Photo courtesy The Hinterlands. 
The second, in Infinite Mile, a new-ish online journal of Detroit art & culture, is an account of my experience attending a Hinterlands "open training" session. Open trainings are weird, wonderful, intensely physical workshops for performers and non-performers alike that take place monthly at Play House (the next one is tomorrow!).

Open training 2012 at the Jam Handy. Photo by Richard Newman.

Tuesday, January 28, 2014

Palmer Park's turnaround and neighborhood revival

Photo by Marvin Shaouni
(originally published 1/28/14 in Model D)

1: A brief history of an exquisite neighborhood

In the 1870s, lumber baron and U.S. Senator Thomas Palmer inherited 160 acres of land from his mother in the area we know today as Palmer Park. (For a longer history that includes the pre-Palmer days, check out this delightful Souvenir and Illustrated History of Palmer Park from 1908.) After continuing to acquire neighboring parcels over the next decade, Palmer eventually came to own around 800 acres in what was then known as Greenfield Township.

Senator Palmer used much of the land as a horse and cattle farm, while his wife Lizzie employed noted landscape architects Frederick Law Olmsted and Charles Eliot to design a resplendent park that included two lakes, islands, and miles of winding paths.

In the 1890s, the conservation-minded Palmer deeded the park land to the City of Detroit, on the condition that the virgin forest on site be preserved. Subsequent years found the remainder of Palmer's vast land holdings around the park and forest turned into a golf course, the august Palmer Woods neighborhood (north of the park), and the Palmer Park apartment district (immediately south).

The first apartment building to be built in the apartment district was the Albert Kahn-designed Walbri Court in 1925. What followed were 40 dizzying years of glamorous, upscale apartment construction, resulting in dozens of buildings variously designed in the Egyptian, Spanish, Mediterranean, Venetian, Tudor, Moorish Revival, Georgian, Art Moderne, and Modern styles.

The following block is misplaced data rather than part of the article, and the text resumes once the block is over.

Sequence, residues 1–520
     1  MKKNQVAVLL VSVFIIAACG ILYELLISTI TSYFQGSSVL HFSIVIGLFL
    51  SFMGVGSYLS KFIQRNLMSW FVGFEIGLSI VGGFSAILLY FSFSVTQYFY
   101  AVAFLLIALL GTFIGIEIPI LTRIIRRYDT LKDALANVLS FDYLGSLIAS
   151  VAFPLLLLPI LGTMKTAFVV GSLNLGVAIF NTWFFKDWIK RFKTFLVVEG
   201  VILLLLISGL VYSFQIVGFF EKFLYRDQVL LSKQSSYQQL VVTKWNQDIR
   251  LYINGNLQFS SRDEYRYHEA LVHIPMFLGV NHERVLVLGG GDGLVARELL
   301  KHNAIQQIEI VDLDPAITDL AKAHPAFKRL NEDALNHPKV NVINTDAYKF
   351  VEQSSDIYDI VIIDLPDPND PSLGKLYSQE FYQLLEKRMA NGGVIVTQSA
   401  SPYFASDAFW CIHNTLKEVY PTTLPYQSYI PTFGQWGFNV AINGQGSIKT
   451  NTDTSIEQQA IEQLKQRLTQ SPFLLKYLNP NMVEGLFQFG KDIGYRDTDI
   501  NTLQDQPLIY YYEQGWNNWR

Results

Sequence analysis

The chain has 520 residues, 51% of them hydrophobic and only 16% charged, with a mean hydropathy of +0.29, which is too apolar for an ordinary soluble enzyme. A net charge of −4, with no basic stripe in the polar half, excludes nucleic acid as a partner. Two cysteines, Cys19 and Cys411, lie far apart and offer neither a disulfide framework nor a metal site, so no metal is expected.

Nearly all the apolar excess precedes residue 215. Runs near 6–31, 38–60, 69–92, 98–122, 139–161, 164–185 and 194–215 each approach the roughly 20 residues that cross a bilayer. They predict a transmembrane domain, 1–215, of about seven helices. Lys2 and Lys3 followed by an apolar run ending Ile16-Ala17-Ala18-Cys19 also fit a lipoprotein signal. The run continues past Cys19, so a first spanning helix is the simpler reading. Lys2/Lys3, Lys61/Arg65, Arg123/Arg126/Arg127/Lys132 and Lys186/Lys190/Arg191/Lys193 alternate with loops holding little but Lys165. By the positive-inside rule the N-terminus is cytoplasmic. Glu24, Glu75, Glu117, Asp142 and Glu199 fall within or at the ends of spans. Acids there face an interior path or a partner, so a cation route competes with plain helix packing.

This exquisite neighborhood -- bordered by Woodward to the east, the park itself on its northern edge, Pontchartrain Blvd to the west and McNichols to the south -- was home to much of Detroit's Jewish community from the 1920s until the late '70s, when Temple Israel moved from Palmer Park to West Bloomfield.

In the meantime, it had also become the locus of Detroit's gay community. From the '50s until the '80s, the apartment district was Detroit's "gayborhood," where large numbers of gay men lived in close proximity and walked to nearby, gay-owned restaurants, bars, and stores.

Gregory Piazza lived in the district from 1974 to 1991 and remembers it as "the most exciting place I've ever lived." Piazza, who is responsible for the district'snational historic designation, recalls that the gay population stabilized the neighborhood in the wake of the Jewish migration to the suburbs; but gays, too, were soon leaving in droves, heading north to Ferndale and Royal Oak in the wake of a long crime wave that, they felt, the police were not taking seriously.

From the '80s to the first decade of the 21st century, Palmer Park earned and maintained a reputation for seediness. The apartment district destabilized as the money moved north, the buildings began to empty out and decay, and the park became known as a hotbed of drug activity and prostitution. Rochelle Lento, who moved to Palmer Woods in 1991, quickly realized that the historic park she was so excited to live nearby was no place to take her children.

As recently as 2007, Clinton Griffin, who moved back home to Detroit from abroad to take care of his grandparents and raise his young great nephew, decided there was "no way" he would be taking his child to the park to play, even though he moved into a building that overlooked it.

2007, though, is also the year that the district and the park's twinned revitalization really got started -- that's when husband and wife developer team Mark Leipsitz and Kathy Makino-Leipsitz fell in love with the apartment district and started dreaming.